The Supreme Judicial Court affirmed the order of the motion judge denying Defendants' special motion to dismiss Plaintiffs' defamation claim pursuant to the anti-SLAPP statute, Mass. Gen. Laws ch. 231, 59H, holding that the motion judge did not err in concluding that Plaintiffs' colorable defamation claim was not a SLAPP suit. Plaintiffs, nine nurses who had been fired from Steward Carney Hospital, Inc., filed this defamation action against the hospital and others (collectively, Defendants). Defendants filed a special motion to dismiss the defamation claim under the anti-SLAPP statute. A superior court judge denied the motion. The Supreme Judicial Court affirmed in Blanchard v. Steward Carney Hospital, Inc., 477 Mass. 141 (2017), after augmenting the anti-SLAPP framework devised in Duracraft Corp. v. Holmes Products Corp., 247 Mass. 156 (1998) (Duracraft) and remanded for further proceedings. On remand, the motion to dismiss was again denied. The Supreme Judicial Court affirmed after applying the newly augmented framework, holding that the defamation claim was not a SLAPP suit because it was not brought with the primary motivation of chilling the hospital defendants' right to petition. View "Blanchard v. Steward Carney Hospital, Inc." on Justia Law

by
In this case involving the pretrial diversion of Defendant, the Supreme Judicial Court held that the language of Mass. Gen. Laws ch. 276A, 3 requires arraignment, at the Commonwealth's request, before a defendant can participate in a pretrial diversion program. Defendant was charged with assault and battery. After Defendant's initial appearance before a judge she moved to continue her arraignment sot hat she could be assessed for eligibility for pretrial diversion. The judge continued the arraignment over the Commonwealth's objection and also ordered, as a condition of release, that Defendant stay away from the alleged victim. Thereafter, the judge determined that Defendant was eligible for pretrial diversion and imposed conditions of release. The Supreme Judicial Court remanded the matter for further proceedings, holding (1) under the pretrial diversion statute, Mass. Gen. Laws ch. 276A, 3, a judge may not decline to arraign an adult defendant, over the Commonwealth's objection, and instead direct the defendant to a pretrial diversion program; and (2) whether during the screening period prior to arraignment or thereafter if the Commonwealth does not seek arraignment, a judge may order conditions of release, including GPS monitoring by the probation service. View "Commonwealth v. Newberry" on Justia Law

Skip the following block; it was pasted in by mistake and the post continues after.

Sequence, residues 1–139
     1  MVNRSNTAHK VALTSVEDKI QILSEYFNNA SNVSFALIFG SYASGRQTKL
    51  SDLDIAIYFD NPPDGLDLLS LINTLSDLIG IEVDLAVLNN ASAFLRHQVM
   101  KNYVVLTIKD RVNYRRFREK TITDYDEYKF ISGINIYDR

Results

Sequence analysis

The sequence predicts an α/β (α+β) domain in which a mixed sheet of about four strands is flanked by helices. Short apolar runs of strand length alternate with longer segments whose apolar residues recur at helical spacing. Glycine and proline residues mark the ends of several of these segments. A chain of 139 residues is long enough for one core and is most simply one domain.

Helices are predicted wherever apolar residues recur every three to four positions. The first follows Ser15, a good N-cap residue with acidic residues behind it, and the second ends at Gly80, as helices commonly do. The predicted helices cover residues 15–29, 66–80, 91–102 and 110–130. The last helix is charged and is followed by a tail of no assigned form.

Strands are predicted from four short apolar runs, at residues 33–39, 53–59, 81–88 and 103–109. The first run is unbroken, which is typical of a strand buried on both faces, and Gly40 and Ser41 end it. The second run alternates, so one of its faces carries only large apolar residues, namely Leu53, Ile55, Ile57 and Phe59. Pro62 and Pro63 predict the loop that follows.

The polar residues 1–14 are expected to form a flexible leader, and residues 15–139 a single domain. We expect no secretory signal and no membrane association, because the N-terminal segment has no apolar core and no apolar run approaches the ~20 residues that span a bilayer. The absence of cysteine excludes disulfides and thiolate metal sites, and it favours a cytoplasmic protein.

Posted in: Criminal Law
by
In this summary process eviction action, the Supreme Judicial Court vacated the housing court judge's order for use and occupancy payments, holding that a court has statutory and equitable authority to order use and occupancy payments that become due pending trial to be paid into the court, into private escrow accounts, and directly to the landlord. Specifically, the Court held (1) to exercise its authority to order a tenant at sufferance to make interim use and occupancy payments during the pendency of an eviction action the judge, on motion by the landlord, must hold a use and occupancy hearing where the factors and circumstances described in this opinion are considered; and (2) payment into an escrow account maintained by the court or counsel for one of the parties will typically provide adequate protection to the landlord, but a judge may order payments directly to the landlord if certain factors are present. Based on the foregoing, the Court held that the order for use and occupancy payments in this case was deficient in two respects, and the case is remanded for further proceedings. View "Davis v. Comerford" on Justia Law

Posted in: Landlord - Tenant